And have we -- each Indian middle-class net-enriched denizen -- spoken to 10 poor potential Free Basics beneficiaries before deciding whether they deserve to be connected badly now.... Or with complete internet but after years from today? Just a sample of 10 people before you decide the fate of a potential billion?
It is ridiculous that we who feel impatient when a video or site or app takes more than a few seconds to download should ask them to wait for years or even decades.
Express Highway or a Service Bylane
The issue itself is pretty simple. We do drive to some of these far-off green field airports in some cities today using a wonderful, multi-lane, high-quality express highways. Nobody denies their quality -- but they demand that we have a car and pay a toll for each use. Wonderful view and all too... as we zoom past as we seldom can in our congested city roads.
But can we deny the right of some to build a parallel but poor quality bylane, which allows cheaper vehicles, cycles and scooters and bullock carts and all -- instead of demanding they stay away for now but come back when they have a car and enough money to pay the toll.
Free Basics can be that simple, parallel bylane.
Just a Start
It is nobody's case, most certainly not mine, nor do I suspect is it the claim of Facebook, that it can address the enormity of the problem in its entirety, or that its start is perfect. No startup or beta product ever is, nor is it intended to be.
We need many efforts, much investment, loads of infrastructural and awareness changes before we get any closer to the goal. But a first step is indeed the much-needed start.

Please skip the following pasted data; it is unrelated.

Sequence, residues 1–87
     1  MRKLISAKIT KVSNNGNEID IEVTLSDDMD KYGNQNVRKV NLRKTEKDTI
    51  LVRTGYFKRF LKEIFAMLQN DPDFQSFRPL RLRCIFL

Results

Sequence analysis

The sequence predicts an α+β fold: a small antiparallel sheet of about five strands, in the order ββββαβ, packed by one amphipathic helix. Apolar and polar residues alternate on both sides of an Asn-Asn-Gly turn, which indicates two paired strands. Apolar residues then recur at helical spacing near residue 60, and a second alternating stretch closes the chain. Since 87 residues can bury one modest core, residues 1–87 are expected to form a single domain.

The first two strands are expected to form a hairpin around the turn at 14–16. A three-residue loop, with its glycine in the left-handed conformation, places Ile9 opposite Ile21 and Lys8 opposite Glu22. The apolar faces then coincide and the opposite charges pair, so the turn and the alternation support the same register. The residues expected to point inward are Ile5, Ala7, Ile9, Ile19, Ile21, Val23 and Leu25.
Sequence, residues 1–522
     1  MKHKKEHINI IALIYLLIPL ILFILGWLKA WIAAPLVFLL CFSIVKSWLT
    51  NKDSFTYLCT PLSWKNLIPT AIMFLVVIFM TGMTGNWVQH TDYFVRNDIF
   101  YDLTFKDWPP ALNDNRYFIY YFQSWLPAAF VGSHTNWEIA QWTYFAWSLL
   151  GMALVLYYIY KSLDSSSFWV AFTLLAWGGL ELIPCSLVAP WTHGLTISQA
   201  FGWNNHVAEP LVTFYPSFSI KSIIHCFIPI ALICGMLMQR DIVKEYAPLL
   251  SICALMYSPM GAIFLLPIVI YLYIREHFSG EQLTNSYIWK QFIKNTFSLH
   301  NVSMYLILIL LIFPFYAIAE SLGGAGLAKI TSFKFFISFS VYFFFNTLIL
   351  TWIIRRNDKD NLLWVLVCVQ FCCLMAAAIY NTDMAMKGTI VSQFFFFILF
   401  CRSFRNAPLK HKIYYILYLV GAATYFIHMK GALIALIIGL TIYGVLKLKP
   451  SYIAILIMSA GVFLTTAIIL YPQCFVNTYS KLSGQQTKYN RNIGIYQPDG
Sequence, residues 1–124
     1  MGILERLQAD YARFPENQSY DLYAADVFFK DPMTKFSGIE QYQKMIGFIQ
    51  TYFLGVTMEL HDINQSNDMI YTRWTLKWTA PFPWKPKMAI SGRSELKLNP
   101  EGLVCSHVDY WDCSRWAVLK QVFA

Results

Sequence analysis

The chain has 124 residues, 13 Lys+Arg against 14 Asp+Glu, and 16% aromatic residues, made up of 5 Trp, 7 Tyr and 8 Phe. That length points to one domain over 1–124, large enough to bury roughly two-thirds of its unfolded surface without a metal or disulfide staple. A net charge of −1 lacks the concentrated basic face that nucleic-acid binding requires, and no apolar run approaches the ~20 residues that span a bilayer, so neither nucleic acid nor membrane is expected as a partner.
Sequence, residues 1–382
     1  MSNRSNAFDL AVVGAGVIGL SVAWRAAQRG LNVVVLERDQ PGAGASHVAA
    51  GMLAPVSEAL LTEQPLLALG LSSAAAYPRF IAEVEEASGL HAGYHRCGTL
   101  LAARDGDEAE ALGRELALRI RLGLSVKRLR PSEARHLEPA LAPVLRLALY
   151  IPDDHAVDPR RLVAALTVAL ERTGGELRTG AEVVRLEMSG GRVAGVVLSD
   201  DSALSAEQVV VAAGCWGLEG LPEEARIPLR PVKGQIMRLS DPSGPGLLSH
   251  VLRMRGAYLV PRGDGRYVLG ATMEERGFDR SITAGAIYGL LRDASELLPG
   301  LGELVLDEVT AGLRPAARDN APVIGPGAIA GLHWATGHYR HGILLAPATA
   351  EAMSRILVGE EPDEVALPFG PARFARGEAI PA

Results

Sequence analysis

Opportunity to Negotiate With Free Basics
The charter of Free Basics as envisaged in its beta form is neither perfect nor final. Instead of being trapped in a tunnel-vision view of Free Basics as an opponent of Net Neutrality, or a goal to divide free internet into blocks, India must negotiate to get the best for its poorest.
A list of sites, including government-citizen interface, messaging and text email apps, some fundamental banking or petition app, education, healthcare and professional help for farmers, fisherfolks, weavers, including updates on safety during natural calamities and welfare schemes could be a huge game changer for the country.
In a country in which neither government nor elites have ever slightly taken up internet for everyone as a goal or its connectivity denial as a problem -- it is ridiculously unfair to allow them to vote out digitally the one chance for the have-nots to get connected.
[I]f India shuts down Free Basics, those who vetoed it would still be online, and those they shut out, never had a vote.
We Need an 80-20 Trade-Off
Between the fair globally benchmarked need for the best, neutral, free and open internet need of the middle-class, competitive and paying audiences; and an equally crucial need for a free-of-cost internet for a billion-odd people to headings towards a goal of 'digitally connecting all citizens' and providing 'internet for all' -- we need a trade-off.
A fair enough 80-20 share, would you say? Let each one of us stay on the large open ocean and consume 80 percent of the open internet, whereas, the remaining Indians get a blocked 20 percent, which is meant to provide free internet, a la Free Basics.
Let others come in to make their own version of Free Basics and compete. We can afford to make this much of a digital reservation as a affirmative action of the digital have-nots.
We Indian elite cheered Mr. Picketty lustily when he said, "I hope Indian elites behave more responsibly than Western elites did in 20th century", and then did the worst -- exercised power without responsibility -- because if India shuts down Free Basics, those who vetoed it would still be online, and those they shut out, never had a vote.
It is still not too late... and let us make our voice felt, and never forget -- it is not about Facebook, but us, and our fellow countrywomen and men.
Sriram Karri is the author of the bestselling novel, Autobiography of a Mad Nation, and a columnist based in Hyderabad, India. He tweets at @oratorgreat